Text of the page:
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1828 Gavitt

Elnathan C. Gavitt [1808-1896] was an itinerant minister for the Methodist Epsicopal church in Ohio, Michigan, and the Northwest Territory for many years. He started his work for the church in 1828 when he was about 20 years old and this is an account of one of his first trips.

Rev. Elnathan GavittFriday was a pleasant day, and our horses were in good trim for traveling. Soon after we started my traveling companion fell into a deep study, preparing his sermon for the night, as this appointment had been sent in advance. But little attention had been paid to our route; coming to what was called the Bay settlement, the main road disappeared and lead off in a half dozen different directions. Having traveled for a few miles along one of these paths, we fell in with a funeral procession, and learned that the road we were on terminated at the Catholic Cemetery. We now returned, and watching more carefully the blazed trees, were soon on the straight route for Monroe, and landed safely before night. We stopped at Esq. Harvey's, a short distance in the country, where the public services were to be held. Monroe was but a small Catholic village, and destitute of a Protestant Church. About all the membership of the settlement were on hand to hear the strange ministers. After the sermon a short exhortation from myself, we had a speaking meeting, which was both interesting and profitable.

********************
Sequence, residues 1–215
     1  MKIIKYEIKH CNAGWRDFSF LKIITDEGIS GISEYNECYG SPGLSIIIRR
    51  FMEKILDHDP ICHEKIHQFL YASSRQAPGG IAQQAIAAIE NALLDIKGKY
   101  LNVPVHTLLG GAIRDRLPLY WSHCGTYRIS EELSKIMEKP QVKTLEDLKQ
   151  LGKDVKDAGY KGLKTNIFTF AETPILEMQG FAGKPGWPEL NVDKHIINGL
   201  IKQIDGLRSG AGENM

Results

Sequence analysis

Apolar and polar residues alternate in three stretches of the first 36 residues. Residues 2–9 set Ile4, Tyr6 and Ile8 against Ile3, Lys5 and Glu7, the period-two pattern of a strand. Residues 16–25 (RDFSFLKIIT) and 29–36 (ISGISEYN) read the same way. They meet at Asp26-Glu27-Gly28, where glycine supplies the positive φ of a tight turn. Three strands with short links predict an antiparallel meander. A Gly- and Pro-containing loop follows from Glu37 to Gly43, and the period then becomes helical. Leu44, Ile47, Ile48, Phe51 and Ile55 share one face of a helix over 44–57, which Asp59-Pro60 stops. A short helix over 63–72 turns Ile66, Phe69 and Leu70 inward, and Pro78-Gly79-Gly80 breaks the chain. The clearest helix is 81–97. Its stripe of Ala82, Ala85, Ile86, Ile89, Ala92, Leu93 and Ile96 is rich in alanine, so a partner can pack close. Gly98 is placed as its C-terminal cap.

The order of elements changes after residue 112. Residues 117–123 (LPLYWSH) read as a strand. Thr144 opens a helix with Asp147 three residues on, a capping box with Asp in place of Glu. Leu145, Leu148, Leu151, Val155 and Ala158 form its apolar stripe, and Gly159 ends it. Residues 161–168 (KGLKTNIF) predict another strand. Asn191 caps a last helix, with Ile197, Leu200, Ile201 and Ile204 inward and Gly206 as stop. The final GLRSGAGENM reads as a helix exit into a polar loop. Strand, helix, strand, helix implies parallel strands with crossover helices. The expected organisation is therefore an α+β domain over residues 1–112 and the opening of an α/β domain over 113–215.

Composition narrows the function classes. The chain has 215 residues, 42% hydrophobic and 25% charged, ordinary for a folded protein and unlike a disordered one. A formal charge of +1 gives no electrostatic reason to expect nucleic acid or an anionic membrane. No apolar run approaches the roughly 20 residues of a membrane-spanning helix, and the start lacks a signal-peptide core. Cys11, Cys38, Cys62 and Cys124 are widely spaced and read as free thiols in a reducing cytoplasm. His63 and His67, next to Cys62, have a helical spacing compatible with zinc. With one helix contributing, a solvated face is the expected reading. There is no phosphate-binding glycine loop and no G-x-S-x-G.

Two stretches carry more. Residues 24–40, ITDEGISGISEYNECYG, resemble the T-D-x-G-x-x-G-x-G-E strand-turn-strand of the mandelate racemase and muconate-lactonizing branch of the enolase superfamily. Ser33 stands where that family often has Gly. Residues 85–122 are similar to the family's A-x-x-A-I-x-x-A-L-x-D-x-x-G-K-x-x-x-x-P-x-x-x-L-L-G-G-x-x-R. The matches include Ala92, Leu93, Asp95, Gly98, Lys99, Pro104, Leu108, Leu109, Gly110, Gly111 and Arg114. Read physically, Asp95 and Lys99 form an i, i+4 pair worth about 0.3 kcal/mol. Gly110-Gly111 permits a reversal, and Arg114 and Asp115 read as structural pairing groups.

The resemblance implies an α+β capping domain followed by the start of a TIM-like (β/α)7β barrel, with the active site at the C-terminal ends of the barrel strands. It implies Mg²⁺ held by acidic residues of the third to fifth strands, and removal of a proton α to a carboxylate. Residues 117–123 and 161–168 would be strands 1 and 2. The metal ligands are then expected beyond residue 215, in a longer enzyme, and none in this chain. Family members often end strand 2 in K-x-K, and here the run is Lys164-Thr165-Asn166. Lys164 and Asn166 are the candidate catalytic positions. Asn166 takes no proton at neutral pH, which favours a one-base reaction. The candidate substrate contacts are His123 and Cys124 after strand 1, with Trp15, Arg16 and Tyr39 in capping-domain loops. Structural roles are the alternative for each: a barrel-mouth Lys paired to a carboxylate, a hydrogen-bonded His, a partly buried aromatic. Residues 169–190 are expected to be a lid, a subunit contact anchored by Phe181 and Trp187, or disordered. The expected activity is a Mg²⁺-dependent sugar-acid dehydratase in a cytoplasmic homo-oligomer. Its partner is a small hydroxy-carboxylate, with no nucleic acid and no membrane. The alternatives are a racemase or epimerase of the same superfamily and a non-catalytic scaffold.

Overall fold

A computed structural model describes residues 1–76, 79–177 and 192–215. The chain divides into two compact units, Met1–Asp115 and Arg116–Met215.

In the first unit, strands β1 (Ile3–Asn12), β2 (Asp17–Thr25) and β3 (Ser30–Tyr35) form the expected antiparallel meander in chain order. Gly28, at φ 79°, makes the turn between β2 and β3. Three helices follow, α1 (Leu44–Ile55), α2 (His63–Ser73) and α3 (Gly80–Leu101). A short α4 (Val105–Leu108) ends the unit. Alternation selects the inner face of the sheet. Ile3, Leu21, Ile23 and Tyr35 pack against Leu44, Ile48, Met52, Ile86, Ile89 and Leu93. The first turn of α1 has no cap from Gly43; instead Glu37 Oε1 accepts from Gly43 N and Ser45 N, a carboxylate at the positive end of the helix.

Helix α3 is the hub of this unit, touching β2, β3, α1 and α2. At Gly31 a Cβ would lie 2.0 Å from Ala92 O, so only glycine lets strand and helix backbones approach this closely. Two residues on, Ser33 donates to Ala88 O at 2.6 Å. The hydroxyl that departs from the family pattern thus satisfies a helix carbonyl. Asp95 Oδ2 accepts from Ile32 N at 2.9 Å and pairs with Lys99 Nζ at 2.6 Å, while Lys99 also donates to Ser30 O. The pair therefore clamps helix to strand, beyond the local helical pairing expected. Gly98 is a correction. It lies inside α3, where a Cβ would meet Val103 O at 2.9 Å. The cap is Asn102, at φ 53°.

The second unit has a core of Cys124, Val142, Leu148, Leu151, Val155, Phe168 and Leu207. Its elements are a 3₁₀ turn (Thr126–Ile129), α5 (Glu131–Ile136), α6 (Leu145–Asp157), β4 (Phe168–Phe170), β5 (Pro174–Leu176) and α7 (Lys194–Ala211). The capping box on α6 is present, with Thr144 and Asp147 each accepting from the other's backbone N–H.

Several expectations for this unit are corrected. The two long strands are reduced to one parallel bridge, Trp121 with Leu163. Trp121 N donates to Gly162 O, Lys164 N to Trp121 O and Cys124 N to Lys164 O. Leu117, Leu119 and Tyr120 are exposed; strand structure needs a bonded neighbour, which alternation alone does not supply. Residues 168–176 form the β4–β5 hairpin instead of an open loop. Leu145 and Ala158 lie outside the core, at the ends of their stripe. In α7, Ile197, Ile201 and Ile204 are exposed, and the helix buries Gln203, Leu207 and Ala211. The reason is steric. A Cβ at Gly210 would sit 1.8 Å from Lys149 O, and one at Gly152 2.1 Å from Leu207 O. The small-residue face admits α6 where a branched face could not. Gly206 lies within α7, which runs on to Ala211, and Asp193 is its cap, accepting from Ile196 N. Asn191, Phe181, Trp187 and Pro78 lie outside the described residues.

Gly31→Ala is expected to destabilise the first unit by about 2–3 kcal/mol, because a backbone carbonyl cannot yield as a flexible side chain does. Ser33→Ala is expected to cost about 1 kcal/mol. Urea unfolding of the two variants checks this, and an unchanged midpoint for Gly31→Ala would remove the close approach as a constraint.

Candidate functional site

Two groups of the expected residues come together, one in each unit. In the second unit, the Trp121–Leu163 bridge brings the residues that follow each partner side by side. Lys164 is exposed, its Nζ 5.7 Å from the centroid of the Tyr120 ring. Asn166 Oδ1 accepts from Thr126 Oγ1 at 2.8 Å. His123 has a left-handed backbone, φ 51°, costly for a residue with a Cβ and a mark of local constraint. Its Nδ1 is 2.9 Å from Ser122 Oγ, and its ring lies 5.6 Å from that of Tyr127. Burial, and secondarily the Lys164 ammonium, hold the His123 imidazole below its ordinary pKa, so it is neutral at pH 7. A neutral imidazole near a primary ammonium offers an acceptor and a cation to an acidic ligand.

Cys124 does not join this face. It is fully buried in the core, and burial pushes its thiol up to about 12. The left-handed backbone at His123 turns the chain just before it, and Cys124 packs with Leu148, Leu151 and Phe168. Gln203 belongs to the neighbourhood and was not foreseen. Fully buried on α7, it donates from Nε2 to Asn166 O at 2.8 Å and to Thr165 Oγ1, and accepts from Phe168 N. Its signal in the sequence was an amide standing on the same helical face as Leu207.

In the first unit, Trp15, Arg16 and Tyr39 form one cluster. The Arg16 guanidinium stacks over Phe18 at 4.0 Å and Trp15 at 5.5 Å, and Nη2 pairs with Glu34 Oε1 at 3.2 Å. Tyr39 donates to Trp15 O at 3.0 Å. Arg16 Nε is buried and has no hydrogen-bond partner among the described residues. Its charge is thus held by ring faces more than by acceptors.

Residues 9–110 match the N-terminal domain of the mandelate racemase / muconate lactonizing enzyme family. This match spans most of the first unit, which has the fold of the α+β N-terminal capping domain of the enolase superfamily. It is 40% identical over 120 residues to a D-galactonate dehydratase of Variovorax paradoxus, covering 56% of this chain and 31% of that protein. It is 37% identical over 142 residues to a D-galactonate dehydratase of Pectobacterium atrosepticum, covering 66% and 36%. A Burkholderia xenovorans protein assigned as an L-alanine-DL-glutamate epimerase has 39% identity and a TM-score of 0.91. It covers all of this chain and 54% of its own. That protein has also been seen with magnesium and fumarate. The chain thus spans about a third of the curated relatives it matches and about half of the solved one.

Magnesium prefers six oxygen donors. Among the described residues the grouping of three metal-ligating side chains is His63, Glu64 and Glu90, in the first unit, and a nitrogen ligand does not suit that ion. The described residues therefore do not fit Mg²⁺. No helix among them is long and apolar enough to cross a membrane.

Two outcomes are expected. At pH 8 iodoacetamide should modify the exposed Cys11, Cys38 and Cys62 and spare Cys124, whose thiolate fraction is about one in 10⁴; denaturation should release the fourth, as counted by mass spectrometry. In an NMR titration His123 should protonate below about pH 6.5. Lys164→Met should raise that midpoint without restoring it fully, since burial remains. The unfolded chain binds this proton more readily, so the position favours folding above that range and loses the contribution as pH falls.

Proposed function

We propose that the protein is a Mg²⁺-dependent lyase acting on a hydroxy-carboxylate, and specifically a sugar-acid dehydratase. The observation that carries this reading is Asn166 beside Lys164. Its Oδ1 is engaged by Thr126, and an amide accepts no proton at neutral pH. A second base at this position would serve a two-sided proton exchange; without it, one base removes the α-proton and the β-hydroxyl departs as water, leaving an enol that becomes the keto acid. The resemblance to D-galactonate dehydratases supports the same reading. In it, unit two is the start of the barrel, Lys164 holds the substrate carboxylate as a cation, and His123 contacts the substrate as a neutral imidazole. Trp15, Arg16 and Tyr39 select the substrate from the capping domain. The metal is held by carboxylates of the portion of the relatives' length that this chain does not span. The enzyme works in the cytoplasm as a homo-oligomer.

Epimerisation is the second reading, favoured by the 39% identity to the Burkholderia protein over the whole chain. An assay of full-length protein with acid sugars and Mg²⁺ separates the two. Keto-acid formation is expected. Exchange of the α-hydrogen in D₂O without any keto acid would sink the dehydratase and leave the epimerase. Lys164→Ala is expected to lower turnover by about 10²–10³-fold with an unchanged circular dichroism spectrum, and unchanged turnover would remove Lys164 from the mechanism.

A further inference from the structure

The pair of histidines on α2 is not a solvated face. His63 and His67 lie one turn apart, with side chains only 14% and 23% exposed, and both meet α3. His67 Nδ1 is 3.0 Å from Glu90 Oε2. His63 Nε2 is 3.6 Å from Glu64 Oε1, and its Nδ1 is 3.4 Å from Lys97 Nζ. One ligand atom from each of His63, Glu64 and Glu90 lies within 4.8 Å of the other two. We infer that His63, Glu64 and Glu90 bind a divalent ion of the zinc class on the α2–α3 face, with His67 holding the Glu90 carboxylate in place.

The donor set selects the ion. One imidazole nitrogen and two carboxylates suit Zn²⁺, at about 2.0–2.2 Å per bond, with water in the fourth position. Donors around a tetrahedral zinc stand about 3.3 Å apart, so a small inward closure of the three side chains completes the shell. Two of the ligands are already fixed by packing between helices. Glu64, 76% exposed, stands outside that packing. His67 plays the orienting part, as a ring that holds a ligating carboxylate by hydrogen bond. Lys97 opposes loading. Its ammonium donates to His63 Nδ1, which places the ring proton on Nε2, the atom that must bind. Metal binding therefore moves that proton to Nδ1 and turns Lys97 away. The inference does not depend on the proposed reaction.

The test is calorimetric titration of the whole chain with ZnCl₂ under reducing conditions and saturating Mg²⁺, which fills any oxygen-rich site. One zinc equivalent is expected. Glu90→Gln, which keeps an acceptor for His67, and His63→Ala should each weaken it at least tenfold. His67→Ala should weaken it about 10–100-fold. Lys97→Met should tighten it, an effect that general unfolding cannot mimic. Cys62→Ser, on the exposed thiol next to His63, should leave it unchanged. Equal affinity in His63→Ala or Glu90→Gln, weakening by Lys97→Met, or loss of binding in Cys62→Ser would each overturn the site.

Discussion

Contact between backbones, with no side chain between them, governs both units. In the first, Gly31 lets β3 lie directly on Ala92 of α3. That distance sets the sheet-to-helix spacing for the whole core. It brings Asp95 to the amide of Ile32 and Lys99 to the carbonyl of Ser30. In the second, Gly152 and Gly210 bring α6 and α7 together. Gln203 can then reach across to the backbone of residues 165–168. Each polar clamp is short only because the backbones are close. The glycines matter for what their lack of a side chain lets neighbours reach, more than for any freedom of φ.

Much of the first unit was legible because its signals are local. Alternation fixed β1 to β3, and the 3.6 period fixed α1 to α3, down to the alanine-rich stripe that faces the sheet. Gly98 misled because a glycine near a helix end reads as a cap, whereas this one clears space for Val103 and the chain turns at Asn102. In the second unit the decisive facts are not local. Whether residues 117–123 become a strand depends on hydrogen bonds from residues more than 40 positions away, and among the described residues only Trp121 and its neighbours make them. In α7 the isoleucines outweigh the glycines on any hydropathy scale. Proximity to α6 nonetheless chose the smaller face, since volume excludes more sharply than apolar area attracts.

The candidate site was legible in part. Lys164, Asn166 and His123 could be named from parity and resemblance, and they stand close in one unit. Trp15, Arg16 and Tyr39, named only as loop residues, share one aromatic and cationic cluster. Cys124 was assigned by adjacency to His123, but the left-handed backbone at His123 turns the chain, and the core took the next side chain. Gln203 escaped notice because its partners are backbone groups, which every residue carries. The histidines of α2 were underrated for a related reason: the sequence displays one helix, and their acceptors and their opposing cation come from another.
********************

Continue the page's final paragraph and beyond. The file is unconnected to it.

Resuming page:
On Saturday we reached the place of our destination, and enjoyed the hospitality of Father Abbott and his excellent family. Detroit had assumed some considerable importance as a lake city, but owing to the unsettled condition of society, and the constant emigration to other parts of the Territory, Methodism had made but little progress. There were but sixty-five members in the place and some less than three hundred in the entire Territory. However, I am pleased to say there were a few noble hearted and enterprising ones, who had with their limited means erected a small Church, in which I had the honor of preaching Sabbath morning, standing on a store box, before this house was plastered or seated. It is with pleasure I refer to the names of some of these early pioneers of the Methodist Episcopal Church in Detroit: The Deans, Nobles, Owens, Edwards - the relatives of Rev. Arthur Edwards, D.D., editor of the Northwestern Christian Advocate, of Chicago, Illinois, the parents of whom I united in marriage. I would also refer to Father Abbott and his family, with whom I made my home for a short time before entering upon my new field of labor, and the commencement of my early itineracy in Michigan.

In 1828 the Detroit district was supplied as follows: Zarah Caston, presiding elder; Detroit station, Arza Brown; Oakland, William T. Snow and Elnathan C. Gavitt; Huron, Benjamin Cooper; Monroe, George W. Walker; St. Clair Mission, Elias Patter. All of these excellent brethren, with whom I was associated at that early day, and all the regular itinerant ministers there were in the Michigan Territory, have long since entered their reward on high, and I am the only one left of this little band to record their names and the early planting of Methodism in the Michigan Territory, which was at this time almost an entire wilderness.

From: CRUMBS FROM MY SADDLE BAGS OR, REMINISCENCES OF PIONEER LIFE AND BIOGRAPHICAL SKETCHES. By Rev. Elnathan Corrington Gavitt. Toledo, OH: Blade Printing and Paper Co., 1884: 84 - 86.